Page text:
“Good to knows” for all of us 

While the above considerations and reminders may apply to special situations and even reflect evolving workplace and societal trends, there are “best practices” that apply to the “rest of us.” Notably, the IRS is encouraging taxpayers to check out and leverage the improved “Where’s My Refund?” portal. This hub for information about the “what if’s” after filing helps in part to:

  • Confirm when/if the return was received

  • Get updates about the approval status of the refund 

  • Stay abreast of the potential issue date associated with the refund 

  • Stay on top of any additional information that the IRS may request prior to approving and issuing the refund 

For filing season 2024, taxpayers can have this information at smartphone’s reach via the new IRS2Go app. After acknowledgment of the return is received, you can usually check the status of your refund within 24 hours of e-filing for the tax year 2023 return (or four weeks after mailing a paper return). Updates are made each day, usually overnight, so don’t worry about compulsively refreshing the tool. If you don’t see any updates one day, just wait until tomorrow morning. 

There are several factors that can delay your refund, and which underscore still other pivotal reminders and best practices. Notably, errors or incomplete information related to the likes of tax credits can affect how quickly you get your refund. Note that the IRS will not call or harass you for your private or sensitive information. As we discussed last month, scams are more abundant than ever. When in doubt, do not provide any info and also be sure to take the appropriate steps to report potential bad actors to the right authorities and channels.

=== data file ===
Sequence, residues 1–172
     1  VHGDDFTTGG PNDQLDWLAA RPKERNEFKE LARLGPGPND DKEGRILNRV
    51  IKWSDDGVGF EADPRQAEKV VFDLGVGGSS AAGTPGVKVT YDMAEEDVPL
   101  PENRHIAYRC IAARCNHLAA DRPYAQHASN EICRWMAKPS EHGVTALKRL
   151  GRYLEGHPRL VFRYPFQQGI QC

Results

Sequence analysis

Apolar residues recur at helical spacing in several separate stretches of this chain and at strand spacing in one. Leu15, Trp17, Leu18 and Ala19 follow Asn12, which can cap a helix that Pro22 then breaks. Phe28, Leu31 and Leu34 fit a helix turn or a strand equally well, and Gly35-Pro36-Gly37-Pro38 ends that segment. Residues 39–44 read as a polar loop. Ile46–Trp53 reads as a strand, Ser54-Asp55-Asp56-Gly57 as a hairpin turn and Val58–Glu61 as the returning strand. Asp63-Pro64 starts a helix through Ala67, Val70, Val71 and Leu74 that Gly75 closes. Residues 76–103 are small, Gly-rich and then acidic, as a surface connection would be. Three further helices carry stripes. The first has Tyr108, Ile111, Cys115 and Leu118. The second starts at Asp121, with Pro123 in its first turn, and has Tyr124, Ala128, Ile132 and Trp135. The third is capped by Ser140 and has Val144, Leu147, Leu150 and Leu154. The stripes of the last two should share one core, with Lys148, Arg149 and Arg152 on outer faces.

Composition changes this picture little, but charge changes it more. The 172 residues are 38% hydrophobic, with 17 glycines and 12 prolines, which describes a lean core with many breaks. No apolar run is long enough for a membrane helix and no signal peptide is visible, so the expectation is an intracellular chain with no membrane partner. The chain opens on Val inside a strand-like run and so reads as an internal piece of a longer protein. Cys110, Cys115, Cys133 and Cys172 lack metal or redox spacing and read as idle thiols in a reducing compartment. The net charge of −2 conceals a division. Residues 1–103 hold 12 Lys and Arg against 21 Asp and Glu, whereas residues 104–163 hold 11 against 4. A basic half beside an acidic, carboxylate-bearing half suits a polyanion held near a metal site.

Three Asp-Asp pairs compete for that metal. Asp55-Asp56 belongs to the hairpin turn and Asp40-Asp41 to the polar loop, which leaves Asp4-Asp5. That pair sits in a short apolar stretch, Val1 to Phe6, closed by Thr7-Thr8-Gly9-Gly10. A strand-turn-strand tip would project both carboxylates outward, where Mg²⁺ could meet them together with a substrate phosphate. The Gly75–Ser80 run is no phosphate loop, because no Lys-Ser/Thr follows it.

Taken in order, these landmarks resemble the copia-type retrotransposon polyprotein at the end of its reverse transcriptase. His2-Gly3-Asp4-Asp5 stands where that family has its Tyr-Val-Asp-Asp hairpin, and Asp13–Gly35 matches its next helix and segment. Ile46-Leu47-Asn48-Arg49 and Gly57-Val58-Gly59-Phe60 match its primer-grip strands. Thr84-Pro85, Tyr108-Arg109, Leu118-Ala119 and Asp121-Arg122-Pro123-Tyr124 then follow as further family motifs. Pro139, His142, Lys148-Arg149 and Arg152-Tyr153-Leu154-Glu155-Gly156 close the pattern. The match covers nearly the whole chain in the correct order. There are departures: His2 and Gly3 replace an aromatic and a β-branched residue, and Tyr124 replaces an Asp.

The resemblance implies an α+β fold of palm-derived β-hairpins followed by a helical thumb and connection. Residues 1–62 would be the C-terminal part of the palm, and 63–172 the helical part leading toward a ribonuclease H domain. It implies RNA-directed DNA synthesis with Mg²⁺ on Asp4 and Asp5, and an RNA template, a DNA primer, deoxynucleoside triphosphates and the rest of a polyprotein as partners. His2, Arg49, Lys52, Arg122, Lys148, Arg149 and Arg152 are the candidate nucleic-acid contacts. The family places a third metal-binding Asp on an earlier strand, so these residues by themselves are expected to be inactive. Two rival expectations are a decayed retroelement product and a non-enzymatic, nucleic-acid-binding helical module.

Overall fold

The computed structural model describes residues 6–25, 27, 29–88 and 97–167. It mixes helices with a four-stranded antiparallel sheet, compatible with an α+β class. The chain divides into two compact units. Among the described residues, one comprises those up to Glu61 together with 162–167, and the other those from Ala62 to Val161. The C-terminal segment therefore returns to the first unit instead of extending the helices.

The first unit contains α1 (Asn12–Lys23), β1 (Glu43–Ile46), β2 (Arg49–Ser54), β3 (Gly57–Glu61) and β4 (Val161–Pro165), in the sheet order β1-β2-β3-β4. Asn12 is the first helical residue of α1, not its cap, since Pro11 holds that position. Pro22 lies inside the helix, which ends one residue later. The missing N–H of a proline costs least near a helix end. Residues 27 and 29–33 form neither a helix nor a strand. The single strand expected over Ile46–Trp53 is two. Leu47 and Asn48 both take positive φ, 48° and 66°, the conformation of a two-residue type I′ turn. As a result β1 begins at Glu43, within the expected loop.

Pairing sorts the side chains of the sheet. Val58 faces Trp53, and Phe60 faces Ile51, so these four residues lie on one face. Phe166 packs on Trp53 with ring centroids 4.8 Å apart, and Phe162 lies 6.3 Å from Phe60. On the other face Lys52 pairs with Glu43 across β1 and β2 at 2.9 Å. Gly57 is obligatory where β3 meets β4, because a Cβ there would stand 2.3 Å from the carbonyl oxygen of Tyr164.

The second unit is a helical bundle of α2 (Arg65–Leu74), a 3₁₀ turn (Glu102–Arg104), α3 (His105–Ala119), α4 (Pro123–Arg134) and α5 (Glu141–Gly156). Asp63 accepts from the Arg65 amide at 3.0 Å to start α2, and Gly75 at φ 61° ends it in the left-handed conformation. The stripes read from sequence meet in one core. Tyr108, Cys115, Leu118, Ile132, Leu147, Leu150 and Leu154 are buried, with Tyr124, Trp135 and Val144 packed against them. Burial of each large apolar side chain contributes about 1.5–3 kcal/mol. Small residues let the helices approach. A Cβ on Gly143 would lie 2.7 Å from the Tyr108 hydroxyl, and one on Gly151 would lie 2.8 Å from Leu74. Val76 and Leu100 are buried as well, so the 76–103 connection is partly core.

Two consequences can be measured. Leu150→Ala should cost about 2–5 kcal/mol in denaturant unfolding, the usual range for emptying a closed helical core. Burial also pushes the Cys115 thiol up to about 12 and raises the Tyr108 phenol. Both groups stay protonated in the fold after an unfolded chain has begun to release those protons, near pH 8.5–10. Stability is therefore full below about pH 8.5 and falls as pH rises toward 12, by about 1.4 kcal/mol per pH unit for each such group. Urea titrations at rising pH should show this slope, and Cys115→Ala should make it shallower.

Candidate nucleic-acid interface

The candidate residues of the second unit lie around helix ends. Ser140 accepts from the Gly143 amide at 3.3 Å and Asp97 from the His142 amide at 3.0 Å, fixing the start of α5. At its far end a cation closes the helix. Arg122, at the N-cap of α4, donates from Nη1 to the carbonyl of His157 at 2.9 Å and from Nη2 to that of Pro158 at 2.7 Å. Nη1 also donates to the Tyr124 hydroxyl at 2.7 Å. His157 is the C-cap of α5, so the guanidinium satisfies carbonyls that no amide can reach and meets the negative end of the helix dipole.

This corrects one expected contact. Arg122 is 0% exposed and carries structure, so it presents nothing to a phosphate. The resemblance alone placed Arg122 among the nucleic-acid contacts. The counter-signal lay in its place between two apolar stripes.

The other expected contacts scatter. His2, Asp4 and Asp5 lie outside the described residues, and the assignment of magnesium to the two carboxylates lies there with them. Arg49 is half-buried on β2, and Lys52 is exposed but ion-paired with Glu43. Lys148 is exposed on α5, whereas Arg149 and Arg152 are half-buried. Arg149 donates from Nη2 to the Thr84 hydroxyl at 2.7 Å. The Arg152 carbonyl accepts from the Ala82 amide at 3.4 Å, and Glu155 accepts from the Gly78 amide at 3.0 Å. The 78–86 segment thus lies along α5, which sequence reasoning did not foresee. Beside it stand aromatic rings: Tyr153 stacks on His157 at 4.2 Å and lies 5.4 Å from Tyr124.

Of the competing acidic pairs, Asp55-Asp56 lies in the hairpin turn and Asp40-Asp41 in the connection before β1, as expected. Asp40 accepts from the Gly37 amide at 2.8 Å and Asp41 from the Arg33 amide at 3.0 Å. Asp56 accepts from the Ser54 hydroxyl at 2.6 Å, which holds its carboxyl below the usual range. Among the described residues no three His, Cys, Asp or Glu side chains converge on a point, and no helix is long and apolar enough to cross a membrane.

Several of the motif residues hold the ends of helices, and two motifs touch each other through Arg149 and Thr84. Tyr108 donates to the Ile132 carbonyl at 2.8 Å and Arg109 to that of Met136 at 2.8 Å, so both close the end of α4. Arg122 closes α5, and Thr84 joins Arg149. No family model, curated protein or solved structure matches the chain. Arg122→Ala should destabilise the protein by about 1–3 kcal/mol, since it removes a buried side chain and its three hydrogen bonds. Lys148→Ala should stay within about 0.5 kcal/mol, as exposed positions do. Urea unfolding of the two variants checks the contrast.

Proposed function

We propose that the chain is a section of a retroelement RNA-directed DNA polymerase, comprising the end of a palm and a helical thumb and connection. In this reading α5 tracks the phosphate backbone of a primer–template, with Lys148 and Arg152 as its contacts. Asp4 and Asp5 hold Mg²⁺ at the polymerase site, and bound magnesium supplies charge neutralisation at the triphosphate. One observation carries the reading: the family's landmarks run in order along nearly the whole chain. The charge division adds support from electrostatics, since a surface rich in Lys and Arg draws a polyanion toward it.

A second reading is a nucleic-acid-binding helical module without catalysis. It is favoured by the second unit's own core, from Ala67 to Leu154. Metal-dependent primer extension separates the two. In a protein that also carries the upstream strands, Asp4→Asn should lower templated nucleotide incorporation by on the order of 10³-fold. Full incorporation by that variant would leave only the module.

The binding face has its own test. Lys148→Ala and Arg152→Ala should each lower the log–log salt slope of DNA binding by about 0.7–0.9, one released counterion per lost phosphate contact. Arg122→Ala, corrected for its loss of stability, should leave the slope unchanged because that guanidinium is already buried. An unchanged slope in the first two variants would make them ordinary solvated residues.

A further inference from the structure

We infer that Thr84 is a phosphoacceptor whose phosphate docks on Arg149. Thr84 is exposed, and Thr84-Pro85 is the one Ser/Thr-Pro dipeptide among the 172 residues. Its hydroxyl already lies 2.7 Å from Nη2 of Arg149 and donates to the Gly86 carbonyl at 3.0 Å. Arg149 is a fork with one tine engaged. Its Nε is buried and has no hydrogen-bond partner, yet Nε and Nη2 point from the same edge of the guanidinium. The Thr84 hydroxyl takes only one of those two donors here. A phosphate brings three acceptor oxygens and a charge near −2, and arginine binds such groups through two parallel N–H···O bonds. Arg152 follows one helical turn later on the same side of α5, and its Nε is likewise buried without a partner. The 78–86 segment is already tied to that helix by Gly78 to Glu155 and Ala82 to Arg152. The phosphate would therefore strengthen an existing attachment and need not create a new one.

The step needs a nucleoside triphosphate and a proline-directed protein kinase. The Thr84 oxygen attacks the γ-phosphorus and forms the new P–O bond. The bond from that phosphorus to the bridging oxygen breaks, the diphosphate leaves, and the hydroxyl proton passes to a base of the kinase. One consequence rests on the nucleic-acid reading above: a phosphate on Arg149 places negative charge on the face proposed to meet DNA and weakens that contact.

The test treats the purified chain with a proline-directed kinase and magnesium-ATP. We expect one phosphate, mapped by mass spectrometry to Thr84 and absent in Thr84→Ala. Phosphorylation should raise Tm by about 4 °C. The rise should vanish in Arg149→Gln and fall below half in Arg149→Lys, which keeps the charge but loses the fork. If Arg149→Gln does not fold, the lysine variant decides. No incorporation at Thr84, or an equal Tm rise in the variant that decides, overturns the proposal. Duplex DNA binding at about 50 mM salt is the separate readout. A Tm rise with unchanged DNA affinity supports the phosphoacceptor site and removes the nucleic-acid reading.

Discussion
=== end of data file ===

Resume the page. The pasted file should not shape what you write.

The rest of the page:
A few final essentials: 

  • Be sure that you have all of the tax documentation that you need before finalizing your return. Too often, a lack of information can result in delays and other complications that stand between you and a non-taxing tax season.

  • Always get into the habit of checking the documents that are received for any inaccurate or incomplete info.

  • Be sure to get those changes or corrections made promptly. Do not delay.

  • Get records in order sooner rather than later. You do not want to miss out on money-saving credits and deductions simply because of a sloppy data-gathering process. 

We know that many times individuals can suffer from paralysis by analysis. The tax filing process can seem daunting. Additionally, we also know that the practices mentioned above may be easier said than done. For these and myriad other reasons, we encourage you to contact O’Donnell, Ficenec, Wills & Ferdig today. 

Taxes as a season and year-round are our business. We have the knowledge, expertise, and infrastructure in place to securely organize, retrieve, report, and otherwise manage your personal data. With our trusted and experienced tax professionals on your team, you don’t have to frantically sprint toward the tax filing deadline. We assure the process is hassle-free and favorable, and minimizes bulky or burdensome tax liabilities.